“I’m excited. I’m happy! Once you know the information you are not in fear; you’re, like, empowered! You are excited. You can’t wait for justice to go down, you can’t wait for the kids to be saved, you can’t wait for the bad guys to be put in jail.” —QAnon YouTuber1
There is little doubt these days that belief in irrational conspiracy theories is a widespread societal problem. What might in the past have been dismissed as a fringe phenomenon is clearly not. Numerous surveys have borne this out, showing, for example, that half of Americans harbor at least one conspiracy theory.2
Also readily apparent now, if it wasn’t obvious before, is the potent destructive power of such beliefs—as seen in the COVID-19 pandemic, and in the toxic political polarization of the last few years. But in fact, conspiracy beliefs have always been very widely prevalent, and the assumption that they are mainly the domain of mentally unstable or low-functioning individuals on the fringe of society was always a myth, even for the more outlandish beliefs.
The observation that belief in conspiracy theories is a mainstream phenomenon is one of the starting points for the deep and engaging analysis by Michael Shermer in his book: Conspiracy: Why the Rational Believe the Irrational.3 Shermer is the founding publisher and editor-in-chief of Skeptic magazine, a multiple New York Times bestselling author, and was a monthly columnist for Scientific American for 18 years. He is a leading expert on “why people believe weird things” (the title of his first book, in 1997).
He reminds us that conspiracies (“two or more people, or a group, plotting or acting in secret to gain an advantage or harm others immorally or illegally”) do occur quite often, and occasionally the conspirators are indeed people at high levels of democratically elected governments or trusted institutions.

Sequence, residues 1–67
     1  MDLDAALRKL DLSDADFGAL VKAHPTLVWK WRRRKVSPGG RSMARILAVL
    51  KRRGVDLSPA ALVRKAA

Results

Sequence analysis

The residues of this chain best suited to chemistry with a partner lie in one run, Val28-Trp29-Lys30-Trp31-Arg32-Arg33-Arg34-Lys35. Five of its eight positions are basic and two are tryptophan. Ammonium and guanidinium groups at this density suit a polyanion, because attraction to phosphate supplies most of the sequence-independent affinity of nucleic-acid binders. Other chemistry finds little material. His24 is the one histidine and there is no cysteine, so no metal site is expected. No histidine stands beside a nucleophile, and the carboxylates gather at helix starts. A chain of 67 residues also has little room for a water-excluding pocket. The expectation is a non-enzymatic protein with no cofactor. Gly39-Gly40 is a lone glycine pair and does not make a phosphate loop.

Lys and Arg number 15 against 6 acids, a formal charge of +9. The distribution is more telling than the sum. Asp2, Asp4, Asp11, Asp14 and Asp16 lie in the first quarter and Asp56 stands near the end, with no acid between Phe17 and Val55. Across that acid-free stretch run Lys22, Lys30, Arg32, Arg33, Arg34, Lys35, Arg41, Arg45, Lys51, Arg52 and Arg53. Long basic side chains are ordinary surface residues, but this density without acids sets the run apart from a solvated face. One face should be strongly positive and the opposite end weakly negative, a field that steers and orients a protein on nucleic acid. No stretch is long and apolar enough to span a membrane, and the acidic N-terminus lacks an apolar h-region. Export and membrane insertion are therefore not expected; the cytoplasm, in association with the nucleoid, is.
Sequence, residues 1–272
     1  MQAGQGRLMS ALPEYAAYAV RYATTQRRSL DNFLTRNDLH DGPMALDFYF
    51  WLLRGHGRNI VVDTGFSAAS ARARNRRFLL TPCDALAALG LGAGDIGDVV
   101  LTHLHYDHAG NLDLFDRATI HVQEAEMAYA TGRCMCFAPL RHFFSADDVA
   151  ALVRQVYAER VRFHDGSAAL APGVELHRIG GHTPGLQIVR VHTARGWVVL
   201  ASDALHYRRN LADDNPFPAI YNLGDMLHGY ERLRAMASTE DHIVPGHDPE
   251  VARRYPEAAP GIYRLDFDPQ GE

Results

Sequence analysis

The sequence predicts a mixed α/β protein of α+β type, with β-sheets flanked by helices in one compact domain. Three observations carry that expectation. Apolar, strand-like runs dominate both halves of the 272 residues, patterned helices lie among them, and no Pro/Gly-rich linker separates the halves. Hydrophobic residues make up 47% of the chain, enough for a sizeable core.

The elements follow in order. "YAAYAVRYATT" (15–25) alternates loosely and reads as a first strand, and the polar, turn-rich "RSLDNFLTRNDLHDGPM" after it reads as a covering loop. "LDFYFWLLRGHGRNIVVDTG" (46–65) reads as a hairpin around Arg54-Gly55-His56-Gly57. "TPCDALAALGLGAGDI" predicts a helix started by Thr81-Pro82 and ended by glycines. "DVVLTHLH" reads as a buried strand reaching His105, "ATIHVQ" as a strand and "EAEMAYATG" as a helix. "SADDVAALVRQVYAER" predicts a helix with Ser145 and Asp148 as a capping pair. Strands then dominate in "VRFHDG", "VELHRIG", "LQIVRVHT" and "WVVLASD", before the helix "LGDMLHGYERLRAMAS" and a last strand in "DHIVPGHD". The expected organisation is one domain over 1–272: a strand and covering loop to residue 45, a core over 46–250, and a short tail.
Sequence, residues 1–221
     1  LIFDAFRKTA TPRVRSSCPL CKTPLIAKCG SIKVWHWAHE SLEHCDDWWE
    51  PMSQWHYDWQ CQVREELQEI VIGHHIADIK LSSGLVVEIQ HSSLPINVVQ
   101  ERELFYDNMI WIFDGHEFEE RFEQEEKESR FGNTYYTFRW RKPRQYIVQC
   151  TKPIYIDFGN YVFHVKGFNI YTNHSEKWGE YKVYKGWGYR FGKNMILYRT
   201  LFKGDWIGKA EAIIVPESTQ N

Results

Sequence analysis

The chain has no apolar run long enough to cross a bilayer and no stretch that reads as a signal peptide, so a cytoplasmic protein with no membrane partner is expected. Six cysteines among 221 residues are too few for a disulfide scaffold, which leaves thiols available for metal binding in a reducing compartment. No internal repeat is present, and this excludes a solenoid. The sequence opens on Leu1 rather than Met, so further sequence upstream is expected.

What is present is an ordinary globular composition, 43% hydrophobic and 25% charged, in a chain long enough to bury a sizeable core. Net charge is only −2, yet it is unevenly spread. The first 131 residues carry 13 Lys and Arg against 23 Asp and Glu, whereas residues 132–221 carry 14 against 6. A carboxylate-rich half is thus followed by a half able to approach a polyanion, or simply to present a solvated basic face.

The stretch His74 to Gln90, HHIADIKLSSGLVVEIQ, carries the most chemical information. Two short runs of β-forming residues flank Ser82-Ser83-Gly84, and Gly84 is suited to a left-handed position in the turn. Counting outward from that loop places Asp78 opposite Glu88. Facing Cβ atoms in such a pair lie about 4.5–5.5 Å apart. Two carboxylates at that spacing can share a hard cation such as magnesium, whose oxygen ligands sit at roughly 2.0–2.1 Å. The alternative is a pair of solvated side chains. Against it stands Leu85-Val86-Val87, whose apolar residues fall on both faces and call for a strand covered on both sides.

Nevertheless, Shermer suggests keeping in mind what he calls a conspiracism principle: Never attribute to malice what can be explained by randomness or incompetence. Furthermore, even many real conspiracies turn on chance, coincidence, and contingency. In contrast, people prone to believe in conspiracy theories tend to believe that nothing happens by accident, everything is connected, and there are no coincidences. They usually imagine conspirators as “preternaturally competent” and “unusually evil,” often with elaborately grand schemes.
A phenomenon cutting across demographics and political orientation
People on the political left often assume, incorrectly, that belief in conspiracy theories is an overwhelmingly right-wing phenomenon. Yet, to cite just two of many examples, 911 Truther conspiracies and GMO conspiracies have been predominantly believed by people on the left.4
Political scientists Joseph Uscinski and Joseph Parent found that conspiracists (believers in conspiracy theories) “cut across gender, age, race, income, political affiliation, educational level, and occupational status.” Education does appear to reduce conspiracism: 42% of those without a high school diploma scored highly in having conspiratorial predispositions, compared with 22% of those holding postgraduate degrees.5 Yet, the fact that over one in five Americans with MAs or PhDs believe in conspiracies indicates that there are additional determining factors besides education.6
Why do so many people believe conspiracy theories, even outlandish ones?
Shermer hypothesizes that there are three overarching factors at work, which he calls: